You cannot tell from seeing him on television whether or not Iqbal Madni is a liar. But there is enough about the circumstances surrounding the story he tells to make it profoundly shocking. Mr Madni has been crippled by seven years of detention and torture in Indonesia, Egypt, Afghanistan and Guantanamo Bay. He is a victim of the process sanitised with the euphemism "extraordinary rendition". And it seems pretty clear that Britain played a role in his terrible experience.
There are respectable politicians in this country who, in private, will shrug when concerns are raised about the rough treatment of young men from the UK who were found in Afghanistan not long after the 2001 bombings in New York – especially those who had unconvincing explanations for their presence in the land of al-Qa'ida's terrorist training camps. But even they have to admit that Iqbal Madni was not a young religious zealot found running round a war zone.
The Pakistani who made his living as a professional reciter of the Koran – which he had memorised by the age of 12 – was arrested in Jakarta four months after 9/11. He had gone there to find his stepmother to tell her that her ex-husband has died of a stroke in Pakistan. The locals who had befriended him turned out to be hardline Islamists in whose company there had been talk about a shoe bomb. Madni was arrested by the Americans.
After he was knocked about a bit by the Indonesians he was shackled in a crate, bleeding from his ear and nose, and flown to Egypt where he was locked in a cell so small he couldn't sit up or lie down. He was then interrogated using electric shocks to his knees. He was next transferred to Afghanistan and interned there for a year before being taken to Guantanamo, where he was treated as an outcast by the other prisoners because he had not been trained in Afghanistan.
Eventually he was released, after American officials concluded that he was a braggart who had "wanted to believe he was more important than he was". He was never convicted of any crime, nor even charged with one.
Britain is mired in all this because when Iqbal Madni was flown to Egypt the plane refuelled on the island of Diego Garcia, which is a British territory. For six years we denied that the island had been used for rendition flights, but last year our Foreign Secretary, David Miliband, was forced to admit that two US rendition flights had landed on UK soil. Mysteriously, though, all the records relating to flights through Diego Garcia since the start of 2002 have been destroyed. The House of Commons Foreign Affairs Committee in its report on rendition, published today, has called for an investigation as to why.
It is a report that raises more questions than it gives answers in its acknowledgement of the complexity of this issue. "The Government has a duty to use information that comes into its possession, from whatever source and however obtained, if it believes this will avert the loss of life," it concedes. But it firmly insists that Britain should "exert as much persuasion and pressure as possible to try to ensure worldwide that torture is not employed as a method of interrogation".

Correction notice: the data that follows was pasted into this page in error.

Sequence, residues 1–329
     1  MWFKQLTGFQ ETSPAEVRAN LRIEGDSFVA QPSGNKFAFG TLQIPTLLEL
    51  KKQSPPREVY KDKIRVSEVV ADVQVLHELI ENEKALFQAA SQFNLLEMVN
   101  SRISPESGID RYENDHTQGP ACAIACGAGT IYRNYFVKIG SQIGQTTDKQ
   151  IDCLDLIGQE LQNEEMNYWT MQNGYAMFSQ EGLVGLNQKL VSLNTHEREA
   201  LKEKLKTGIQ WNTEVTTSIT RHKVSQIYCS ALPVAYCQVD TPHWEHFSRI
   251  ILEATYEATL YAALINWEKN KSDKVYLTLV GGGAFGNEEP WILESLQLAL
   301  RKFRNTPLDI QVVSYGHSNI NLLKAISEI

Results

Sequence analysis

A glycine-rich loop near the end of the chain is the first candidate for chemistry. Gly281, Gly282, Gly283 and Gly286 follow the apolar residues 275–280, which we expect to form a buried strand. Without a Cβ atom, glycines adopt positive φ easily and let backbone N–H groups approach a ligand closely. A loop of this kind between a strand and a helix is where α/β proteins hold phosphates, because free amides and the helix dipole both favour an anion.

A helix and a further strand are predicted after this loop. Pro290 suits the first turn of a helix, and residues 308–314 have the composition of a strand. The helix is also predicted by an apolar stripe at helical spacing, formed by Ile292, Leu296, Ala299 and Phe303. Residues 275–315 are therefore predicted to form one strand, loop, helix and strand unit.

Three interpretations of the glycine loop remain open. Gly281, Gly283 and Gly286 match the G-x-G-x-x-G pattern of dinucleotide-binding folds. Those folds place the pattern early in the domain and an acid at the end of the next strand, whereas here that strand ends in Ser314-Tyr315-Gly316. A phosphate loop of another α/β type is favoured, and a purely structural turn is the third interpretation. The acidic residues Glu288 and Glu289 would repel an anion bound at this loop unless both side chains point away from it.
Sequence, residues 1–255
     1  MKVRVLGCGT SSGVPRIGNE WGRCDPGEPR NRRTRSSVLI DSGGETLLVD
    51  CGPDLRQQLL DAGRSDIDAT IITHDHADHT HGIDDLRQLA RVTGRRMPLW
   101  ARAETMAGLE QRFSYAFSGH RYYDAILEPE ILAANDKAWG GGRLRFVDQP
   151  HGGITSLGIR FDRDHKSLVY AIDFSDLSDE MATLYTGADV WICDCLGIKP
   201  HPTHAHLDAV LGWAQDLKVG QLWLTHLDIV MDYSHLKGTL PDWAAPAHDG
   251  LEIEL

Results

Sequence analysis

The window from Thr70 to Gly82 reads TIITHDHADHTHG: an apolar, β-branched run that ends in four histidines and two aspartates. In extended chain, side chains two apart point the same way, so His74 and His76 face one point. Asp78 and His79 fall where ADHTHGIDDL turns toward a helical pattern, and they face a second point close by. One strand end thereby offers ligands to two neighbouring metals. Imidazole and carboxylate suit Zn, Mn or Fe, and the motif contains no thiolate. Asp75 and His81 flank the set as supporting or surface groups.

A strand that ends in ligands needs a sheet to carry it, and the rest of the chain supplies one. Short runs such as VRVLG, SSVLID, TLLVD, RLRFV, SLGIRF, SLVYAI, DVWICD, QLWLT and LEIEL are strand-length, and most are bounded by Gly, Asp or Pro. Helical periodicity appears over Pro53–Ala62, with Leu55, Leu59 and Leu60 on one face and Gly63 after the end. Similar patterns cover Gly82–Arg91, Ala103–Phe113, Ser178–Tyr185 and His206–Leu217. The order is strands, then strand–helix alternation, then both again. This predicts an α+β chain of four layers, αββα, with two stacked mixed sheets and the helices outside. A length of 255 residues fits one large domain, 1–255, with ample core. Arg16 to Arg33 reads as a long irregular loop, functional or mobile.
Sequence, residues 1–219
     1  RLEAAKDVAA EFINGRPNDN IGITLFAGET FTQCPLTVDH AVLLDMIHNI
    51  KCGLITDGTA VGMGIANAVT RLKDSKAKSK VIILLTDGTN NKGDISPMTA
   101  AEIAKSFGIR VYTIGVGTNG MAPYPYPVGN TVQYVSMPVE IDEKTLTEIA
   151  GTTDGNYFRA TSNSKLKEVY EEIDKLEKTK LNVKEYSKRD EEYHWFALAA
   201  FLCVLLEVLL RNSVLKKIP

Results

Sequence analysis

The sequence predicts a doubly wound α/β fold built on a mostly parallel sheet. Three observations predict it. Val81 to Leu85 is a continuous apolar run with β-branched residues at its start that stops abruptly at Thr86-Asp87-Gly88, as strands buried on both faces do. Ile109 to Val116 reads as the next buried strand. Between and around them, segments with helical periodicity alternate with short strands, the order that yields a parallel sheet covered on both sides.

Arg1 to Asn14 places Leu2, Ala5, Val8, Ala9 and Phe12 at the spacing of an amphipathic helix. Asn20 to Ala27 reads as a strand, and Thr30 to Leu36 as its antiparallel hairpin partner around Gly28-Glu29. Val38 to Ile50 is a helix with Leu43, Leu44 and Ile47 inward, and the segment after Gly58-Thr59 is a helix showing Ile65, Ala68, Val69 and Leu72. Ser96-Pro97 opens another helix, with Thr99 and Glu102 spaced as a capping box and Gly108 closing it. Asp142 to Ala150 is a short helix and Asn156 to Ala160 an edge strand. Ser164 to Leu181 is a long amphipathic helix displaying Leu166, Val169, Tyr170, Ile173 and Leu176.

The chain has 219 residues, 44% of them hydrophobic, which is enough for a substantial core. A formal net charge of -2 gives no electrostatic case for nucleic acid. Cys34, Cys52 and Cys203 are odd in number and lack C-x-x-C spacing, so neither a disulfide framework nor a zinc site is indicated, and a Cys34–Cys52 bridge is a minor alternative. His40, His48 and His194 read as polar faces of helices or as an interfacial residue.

Such ambivalence is understandable. During the "war on terror", British officials were placed in an impossibly difficult position. They sat on one side in rooms where US officials read out high-minded declarations about the Geneva Conventions and then turned to the Americans present and said these did not apply to terrorist subjects. The British were asked to draw up lists of questions for interrogations, but also told to leave the room if it seemed that torture was to be used.
We know all this from a wide range of sources. We know from David Davis's use of parliamentary privilege, last month, that British police allowed the key al-Qa'ida figure Rangzieb Ahmed to travel from Manchester to Pakistan. They then asked the security services there, the ISI, who are known for mistreatment and torture, to arrest and interrogate him. When Ahmed was returned to the UK 13 months later, he was jailed for life largely on the basis of evidence gathered before he went to Pakistan.
No one is pretending there are facile solutions here. Again the Foreign Affairs Committee report reflects that. "The UK must, by necessity, maintain its relationship with Pakistani intelligence," it acknowledges, but adds, "We are very concerned by allegations that the nature of the relationship UK officials have with the ISI may have led them to be complicit in torture."
All this raises what the report calls "profoundly difficult moral questions". The key question is why does the Government refuse to acknowledge that. Ministers should engage in a public debate about this issue of complicity. Instead they repeatedly issue weasel-word statements that Britain does not "participate in, solicit, encourage or condone" the use of torture.
We discovered why last week, when a Foreign Office lawyer admitted to three High Court judges that it wants to suppress parts of the transcript of the interrogation of another terrorist suspect, Binyam Mohamed. This is not because disclosure would threaten our national security but because it would embarrass the United States – apparently the paragraphs reveal the Americans tortured the man. Washington, the lawyer told the court, had threatened sanctions if the material was released.
The time has come for the Government to change tack. If we cannot be frank about the moral dilemmas of the past, the danger is that they will be repeated in the future. The Foreign Secretary should have the courage to say that to Washington. Sometimes being a good friend means telling someone they are wrong. He might even find that Barack Obama will agree.Reuse content